Daily Earth Science Repost

Hot earth is normal

Multiple times in its geologic history planet earth has experienced extended periods of glaciation. During these cold periods, vast amounts of the earth’s available water have been locked away in glaciers and ice sheets. These glacial periods each lasted from 30 million years to over 100 million years. During the Cryogenian (720 million years ago), the earth went into a deep freeze and ice extended over the oceans from the poles to the equator.  Today, we are in a glacial period that began 34 million years ago. But despite these glacial periods, a hot earth is normal, not a cold earth. 

Glacial periods need to be distinguished from the term “ice ages.” Saying that the last ice age ended about 12,000 years ago is a reference to a period when glaciers and ice sheets covered much larger portions of the globe. When ice sheets retreat to where we see them today, the terminology we use is ‘interglacial period’. In reality, however, we are still in a long-term glacial period. Until all the ice has melted and sea levels have risen another 70 meters (230 feet), we won’t be out of that glacial period.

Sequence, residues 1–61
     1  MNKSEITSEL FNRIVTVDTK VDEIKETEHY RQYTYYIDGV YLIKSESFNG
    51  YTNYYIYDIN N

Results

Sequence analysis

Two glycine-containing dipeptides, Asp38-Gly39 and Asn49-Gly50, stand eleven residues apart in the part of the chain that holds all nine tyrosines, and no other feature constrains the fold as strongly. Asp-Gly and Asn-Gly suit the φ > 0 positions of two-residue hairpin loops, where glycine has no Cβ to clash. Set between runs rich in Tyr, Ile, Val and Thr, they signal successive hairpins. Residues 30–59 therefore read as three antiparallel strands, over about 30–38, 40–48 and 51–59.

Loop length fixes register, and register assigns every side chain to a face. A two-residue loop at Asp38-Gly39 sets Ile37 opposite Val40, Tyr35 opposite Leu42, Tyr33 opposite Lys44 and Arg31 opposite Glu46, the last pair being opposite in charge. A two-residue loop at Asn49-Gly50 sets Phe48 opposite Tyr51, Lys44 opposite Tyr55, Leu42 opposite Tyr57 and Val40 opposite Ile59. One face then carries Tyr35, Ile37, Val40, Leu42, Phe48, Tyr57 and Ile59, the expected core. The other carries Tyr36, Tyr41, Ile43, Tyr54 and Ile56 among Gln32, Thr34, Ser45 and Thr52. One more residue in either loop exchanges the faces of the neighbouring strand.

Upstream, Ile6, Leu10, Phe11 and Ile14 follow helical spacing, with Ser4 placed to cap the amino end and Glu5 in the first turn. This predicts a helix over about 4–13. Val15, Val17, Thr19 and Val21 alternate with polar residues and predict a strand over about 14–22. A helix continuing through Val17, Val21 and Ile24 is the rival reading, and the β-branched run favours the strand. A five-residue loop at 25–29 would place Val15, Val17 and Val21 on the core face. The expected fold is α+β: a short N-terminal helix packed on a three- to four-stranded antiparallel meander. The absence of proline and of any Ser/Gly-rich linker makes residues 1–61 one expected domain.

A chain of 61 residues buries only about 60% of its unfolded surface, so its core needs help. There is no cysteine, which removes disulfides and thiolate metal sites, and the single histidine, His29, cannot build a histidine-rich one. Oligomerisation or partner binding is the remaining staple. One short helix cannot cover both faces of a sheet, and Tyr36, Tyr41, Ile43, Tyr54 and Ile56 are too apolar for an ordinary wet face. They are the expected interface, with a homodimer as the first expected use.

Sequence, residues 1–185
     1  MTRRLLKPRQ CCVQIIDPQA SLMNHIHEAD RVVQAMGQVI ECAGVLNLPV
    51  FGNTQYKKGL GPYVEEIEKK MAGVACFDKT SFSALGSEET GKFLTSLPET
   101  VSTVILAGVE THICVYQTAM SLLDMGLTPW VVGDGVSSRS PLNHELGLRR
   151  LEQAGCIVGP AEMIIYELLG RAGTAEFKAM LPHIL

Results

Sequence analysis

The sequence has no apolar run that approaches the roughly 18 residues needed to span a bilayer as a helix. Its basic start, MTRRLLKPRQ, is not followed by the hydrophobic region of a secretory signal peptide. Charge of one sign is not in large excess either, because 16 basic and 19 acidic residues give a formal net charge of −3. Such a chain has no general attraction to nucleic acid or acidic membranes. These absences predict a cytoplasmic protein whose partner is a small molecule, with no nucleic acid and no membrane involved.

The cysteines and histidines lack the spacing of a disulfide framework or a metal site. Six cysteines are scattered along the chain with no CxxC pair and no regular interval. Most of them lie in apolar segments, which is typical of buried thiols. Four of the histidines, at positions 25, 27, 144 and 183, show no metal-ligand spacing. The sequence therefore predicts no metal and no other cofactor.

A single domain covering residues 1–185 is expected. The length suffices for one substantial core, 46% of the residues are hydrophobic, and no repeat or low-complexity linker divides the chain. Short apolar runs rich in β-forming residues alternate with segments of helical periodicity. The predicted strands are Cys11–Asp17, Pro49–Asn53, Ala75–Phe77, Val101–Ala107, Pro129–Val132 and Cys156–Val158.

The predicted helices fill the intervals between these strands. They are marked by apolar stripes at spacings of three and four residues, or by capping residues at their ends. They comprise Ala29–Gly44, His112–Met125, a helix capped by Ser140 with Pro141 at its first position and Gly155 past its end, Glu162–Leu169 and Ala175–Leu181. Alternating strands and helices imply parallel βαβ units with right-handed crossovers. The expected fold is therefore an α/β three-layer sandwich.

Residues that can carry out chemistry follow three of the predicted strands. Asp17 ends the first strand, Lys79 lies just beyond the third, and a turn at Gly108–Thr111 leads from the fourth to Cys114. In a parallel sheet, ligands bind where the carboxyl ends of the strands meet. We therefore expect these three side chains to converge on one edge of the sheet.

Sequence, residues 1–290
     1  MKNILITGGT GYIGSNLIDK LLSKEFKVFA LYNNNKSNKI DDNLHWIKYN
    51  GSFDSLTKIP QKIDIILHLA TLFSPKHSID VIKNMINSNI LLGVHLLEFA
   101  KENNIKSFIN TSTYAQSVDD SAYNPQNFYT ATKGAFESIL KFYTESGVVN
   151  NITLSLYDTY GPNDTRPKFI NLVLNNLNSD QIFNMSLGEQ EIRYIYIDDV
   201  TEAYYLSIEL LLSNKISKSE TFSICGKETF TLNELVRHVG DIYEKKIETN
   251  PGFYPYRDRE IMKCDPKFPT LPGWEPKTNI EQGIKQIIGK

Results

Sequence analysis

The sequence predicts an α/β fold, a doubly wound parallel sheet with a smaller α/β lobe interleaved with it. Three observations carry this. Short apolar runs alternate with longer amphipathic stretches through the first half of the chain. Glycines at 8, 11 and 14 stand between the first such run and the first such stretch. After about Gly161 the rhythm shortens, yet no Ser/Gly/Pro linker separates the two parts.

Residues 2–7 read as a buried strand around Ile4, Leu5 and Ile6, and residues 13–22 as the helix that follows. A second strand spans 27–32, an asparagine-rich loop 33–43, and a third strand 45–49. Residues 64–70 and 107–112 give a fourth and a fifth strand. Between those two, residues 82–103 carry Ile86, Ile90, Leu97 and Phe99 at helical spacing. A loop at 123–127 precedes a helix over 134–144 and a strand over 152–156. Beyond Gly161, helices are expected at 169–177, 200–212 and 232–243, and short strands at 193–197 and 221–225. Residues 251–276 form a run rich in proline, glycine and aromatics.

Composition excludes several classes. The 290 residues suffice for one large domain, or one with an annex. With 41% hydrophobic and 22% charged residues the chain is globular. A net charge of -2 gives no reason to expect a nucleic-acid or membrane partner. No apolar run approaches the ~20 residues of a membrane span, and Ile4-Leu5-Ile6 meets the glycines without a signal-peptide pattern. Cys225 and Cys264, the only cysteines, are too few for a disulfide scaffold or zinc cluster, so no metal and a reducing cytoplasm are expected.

Hotter times

In total, the earth has spent about 670 million years out of its 4.5 billion year history in glacial periods. Thust glacial periods account for 15% of the earth’s existence.  The corollary is that the normal state of the earth is an ice-free planet with large inland seas and vast areas of the continental coasts underwater. Houston, Miami, New Orleans, Charleston New York, Boston, and Washington DC are all sites for scuba diving in a post-glacial world.

History, over a geologic timeframe, provides a perspective that is not in sync with our normal view of global warming.  Warming today moves the earth closer to its normal state. This perspective, however, overlooks the existential threat that a truly ice-free world poses. 

We look at global warming as an undesirable change from the status quo, not a return to the norm. Approximately a third of the world’s population lives within 100 meters of sea level. If not managed properly, human migration due to coastal displacement will cause social disintegration. Many countries will be wiped out and their populations will need to be integrated elsewhere.

There is no question that the planet earth can survive rapid global warming. The real question is can the species Homo sapiens survive such a disruption to its social and cultural structure?


Embrace a Hot Earth (Source: ArcheanWeb) –  https://archeanweb.com/2020/01/12/embrace-a-hot-earth/


Hypsographic demography: The distribution of human population by altitude – https://www.ncbi.nlm.nih.gov/pmc/articles/PMC24316/

Article Photo: Photographer – Brocken Inaglory – This file is licensed under the Creative Commons Attribution-Share Alike 3.0 Unported license.

William House
William is an earth scientist and writer with an interest in providing the science "backstory" for breaking environmental, earth science, and climate change news.